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Re: [northeasternpermaculture] Fwd: [food_justice] Beginning Farmer Rates Make Land Affordable

From: Andrew
Sent on: Sunday, June 21, 2009 8:26 PM

--- On Sat, 6/20/09, rafter sass <[address removed]> wrote:

From: rafter sass <[address removed]>
Subject: [northeasternpermaculture] Fwd: [food_justice] Beginning Farmer Rates Make Land Affordable
To: "Northeastern Permaculture (List)" <[address removed]>, [address removed], [address removed], [address removed]
Date: Saturday, June 20, 2009, 9:17 AM

Begin forwarded message:

From: dorinda moreno <[address removed]>
Date: June 20,[masked]:56:33 AM EDT
To: growing_foodandjustice <[address removed]>
Subject: [food_justice] Beginning Farmer Rates Make Land Affordable

Thanks to: [youthfoodmovement]: "[address removed]"
<[address removed]>
Date: Fri, 19 Jun[masked]:17:48 -0700 (PDT)
Subject: [youthfoodmovement] Beginning Farmer Rates Make Land Affordable

Beginning Farmer Rates Make Land Affordable
USDA is offering big benefits to beginning farmers: Who else can
qualify for 1.5 percent, 20-year fixed interest rates on a big chunk
of any farm mortgage? No, that's not a typo. The Farm Service Agency's
Down Payment Program for beginning or limited resource farmers may be
the best deal in decades for someone interested in buying land at the

"That's the best rate I've ever seen for a USDA loan program, and I've
worked in farm credit for 27 years," says Greg Beachy with Farm Credit
Services of Mid-America in Louisville, serving Ohio, Indiana,
Tennessee and Kentucky. Borrowers who've stumbled onto the offer are
already backlogged, but he expects a surge of applicants as word
spread. "USDA really is looking for ways to get young people into
farming," he tells me.

Thanks to the 2008 farm bill, minimum rates on USDA's entry-level Down
Payment Program loans were lowered from 4 percent to 1.5 percent, just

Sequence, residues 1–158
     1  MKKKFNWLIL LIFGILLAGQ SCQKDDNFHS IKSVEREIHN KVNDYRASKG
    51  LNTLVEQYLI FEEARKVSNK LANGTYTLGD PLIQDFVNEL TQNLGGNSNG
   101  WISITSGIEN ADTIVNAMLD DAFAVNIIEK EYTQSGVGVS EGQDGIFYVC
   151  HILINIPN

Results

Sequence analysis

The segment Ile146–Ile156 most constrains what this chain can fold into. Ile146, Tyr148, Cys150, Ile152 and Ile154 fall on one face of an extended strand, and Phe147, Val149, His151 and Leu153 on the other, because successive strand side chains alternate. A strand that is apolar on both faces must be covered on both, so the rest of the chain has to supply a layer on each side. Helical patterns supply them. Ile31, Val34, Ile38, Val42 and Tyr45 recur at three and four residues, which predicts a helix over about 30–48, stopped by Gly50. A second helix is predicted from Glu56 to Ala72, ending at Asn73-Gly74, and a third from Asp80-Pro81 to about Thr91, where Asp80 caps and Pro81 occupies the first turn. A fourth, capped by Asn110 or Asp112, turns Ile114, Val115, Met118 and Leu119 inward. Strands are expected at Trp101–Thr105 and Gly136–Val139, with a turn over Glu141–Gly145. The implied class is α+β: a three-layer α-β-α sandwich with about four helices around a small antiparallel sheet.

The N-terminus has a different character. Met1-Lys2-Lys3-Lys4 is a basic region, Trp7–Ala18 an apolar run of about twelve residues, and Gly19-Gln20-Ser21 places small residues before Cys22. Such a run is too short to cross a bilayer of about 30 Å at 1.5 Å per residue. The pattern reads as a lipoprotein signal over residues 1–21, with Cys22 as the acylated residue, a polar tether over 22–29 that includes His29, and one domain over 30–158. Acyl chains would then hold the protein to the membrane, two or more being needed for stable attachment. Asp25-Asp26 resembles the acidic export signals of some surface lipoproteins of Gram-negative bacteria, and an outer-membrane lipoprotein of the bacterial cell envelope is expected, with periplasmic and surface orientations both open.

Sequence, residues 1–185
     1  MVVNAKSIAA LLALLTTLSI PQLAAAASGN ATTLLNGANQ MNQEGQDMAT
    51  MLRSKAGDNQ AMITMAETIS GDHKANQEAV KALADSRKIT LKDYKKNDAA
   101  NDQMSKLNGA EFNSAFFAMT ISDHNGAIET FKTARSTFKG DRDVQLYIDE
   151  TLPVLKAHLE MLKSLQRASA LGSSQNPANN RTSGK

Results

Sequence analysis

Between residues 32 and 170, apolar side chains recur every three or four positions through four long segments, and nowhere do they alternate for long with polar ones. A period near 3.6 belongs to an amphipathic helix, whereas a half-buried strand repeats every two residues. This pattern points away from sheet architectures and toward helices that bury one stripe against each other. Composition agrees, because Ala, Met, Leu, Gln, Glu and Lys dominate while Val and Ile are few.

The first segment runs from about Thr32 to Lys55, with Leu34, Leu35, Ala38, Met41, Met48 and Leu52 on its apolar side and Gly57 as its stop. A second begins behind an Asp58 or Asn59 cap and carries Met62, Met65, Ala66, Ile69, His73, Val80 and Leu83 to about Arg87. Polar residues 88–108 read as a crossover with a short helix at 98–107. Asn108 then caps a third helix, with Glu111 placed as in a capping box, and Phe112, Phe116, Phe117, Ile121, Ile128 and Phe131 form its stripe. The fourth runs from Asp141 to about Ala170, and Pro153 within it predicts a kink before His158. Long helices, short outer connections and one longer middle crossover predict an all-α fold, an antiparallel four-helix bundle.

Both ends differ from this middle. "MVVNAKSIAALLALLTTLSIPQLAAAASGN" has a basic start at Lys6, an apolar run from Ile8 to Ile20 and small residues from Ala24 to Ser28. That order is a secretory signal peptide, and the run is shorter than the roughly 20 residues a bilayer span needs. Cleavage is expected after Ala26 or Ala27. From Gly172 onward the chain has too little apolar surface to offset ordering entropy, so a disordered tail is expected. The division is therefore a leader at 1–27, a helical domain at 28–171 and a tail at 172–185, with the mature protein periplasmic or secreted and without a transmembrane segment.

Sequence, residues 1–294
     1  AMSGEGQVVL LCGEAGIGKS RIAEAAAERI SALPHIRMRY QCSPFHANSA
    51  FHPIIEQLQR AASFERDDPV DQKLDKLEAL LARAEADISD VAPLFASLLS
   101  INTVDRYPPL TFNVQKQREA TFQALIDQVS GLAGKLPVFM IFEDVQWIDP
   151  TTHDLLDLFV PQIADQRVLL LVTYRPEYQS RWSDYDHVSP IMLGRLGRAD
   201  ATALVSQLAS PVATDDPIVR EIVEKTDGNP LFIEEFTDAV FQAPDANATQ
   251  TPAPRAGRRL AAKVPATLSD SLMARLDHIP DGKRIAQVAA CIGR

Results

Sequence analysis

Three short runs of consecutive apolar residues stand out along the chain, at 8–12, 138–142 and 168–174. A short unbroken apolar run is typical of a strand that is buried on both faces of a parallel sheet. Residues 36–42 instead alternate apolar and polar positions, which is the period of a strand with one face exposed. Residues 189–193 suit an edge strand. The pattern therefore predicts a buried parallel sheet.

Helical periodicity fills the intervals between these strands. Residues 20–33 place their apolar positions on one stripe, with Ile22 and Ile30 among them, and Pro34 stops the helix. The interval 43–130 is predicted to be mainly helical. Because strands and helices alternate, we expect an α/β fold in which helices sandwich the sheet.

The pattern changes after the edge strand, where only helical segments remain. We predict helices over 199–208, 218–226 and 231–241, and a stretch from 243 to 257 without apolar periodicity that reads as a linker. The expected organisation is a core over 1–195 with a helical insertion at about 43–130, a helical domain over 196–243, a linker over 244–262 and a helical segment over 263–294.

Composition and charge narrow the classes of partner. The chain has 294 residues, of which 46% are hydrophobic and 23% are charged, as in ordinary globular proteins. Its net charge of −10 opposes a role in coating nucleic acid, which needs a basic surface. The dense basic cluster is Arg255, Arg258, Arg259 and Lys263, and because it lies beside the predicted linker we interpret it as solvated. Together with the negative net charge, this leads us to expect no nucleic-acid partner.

in time to ride the wave of rock-bottom Treasury costs that collapsed
last fall. The deal won't last forever, though, as Treasury rates are
beginning to climb again and the wait list for USDA's matching funds
is growing. So study up.

A beginner is defined as someone with less than 10 years of farming
experience and who has a substantial interest in the operation. What
they qualify for is pretty special:

The borrower must pay at least a 5 percent down payment on a property;
FSA will fund up to 45 percent of a $500,000 purchase ($225,000
maximum) at its subsidized interest rates with a loan term of 20
years; commercial lenders who finance the balance of the mortgage must
stretch amortization 30 years. Realistically, that means the borrower
will pay a blend of 1.5 percent interest on 45 percent of a loan and
possibly about 7.7 percent (a typical rate today for a high risk
borrower) on the remainder.

FSA says 400 borrowers have been approved for the program so far this
year, up from 30 this time a year ago. But funds have been depleted
fast, and Congress will not authorize more money until the fiscal year
begins next Oct. 1, at the earliest.

As a result, Phil Kimmel, Farm Credit Services of Mid-America senior
vice president for credit, worries that some real estate purchases may
fall through without some extra help from private lenders. "We are
considering a position to offer bridge financing based on FSA's
commitment until funds are available, but we haven't done that yet. We
have provided bridge loans for FSA's portion if we could get security
or maybe a parent to cosign until the money is available," Kimmel

All Farm Credit institutions are required by law to lend a certain
percent of their funds to young, beginning and small farmers. In 2008,
young farmers under 35 made up 26 percent of FCS of Mid-America's new
loans or leases, and beginning farmers about 40 percent of that

Rates change periodically on FSA's loan programs; for details see���

�� Copyright 2009 DTN. All rights reserved.

Posted at 08:31 AM CDT, June 11, 2009 by Marcia Zarley Taylor

Dorinda Moreno
Elders of 4 Colors 4 Directions
Hitec Aztec Collaborations/FM Global
We Are the Ones We Have Been Waiting For!
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